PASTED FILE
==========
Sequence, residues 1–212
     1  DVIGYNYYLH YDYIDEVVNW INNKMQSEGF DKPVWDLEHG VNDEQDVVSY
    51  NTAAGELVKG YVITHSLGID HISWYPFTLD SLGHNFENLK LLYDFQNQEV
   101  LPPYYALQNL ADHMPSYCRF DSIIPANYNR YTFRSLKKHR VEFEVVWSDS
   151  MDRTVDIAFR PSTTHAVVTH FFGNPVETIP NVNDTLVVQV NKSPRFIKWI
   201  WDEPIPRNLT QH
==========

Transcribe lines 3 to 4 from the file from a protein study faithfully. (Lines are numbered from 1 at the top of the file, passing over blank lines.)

    51  NTAAGELVKG YVITHSLGID HISWYPFTLD SLGHNFENLK LLYDFQNQEV
   101  LPPYYALQNL ADHMPSYCRF DSIIPANYNR YTFRSLKKHR VEFEVVWSDS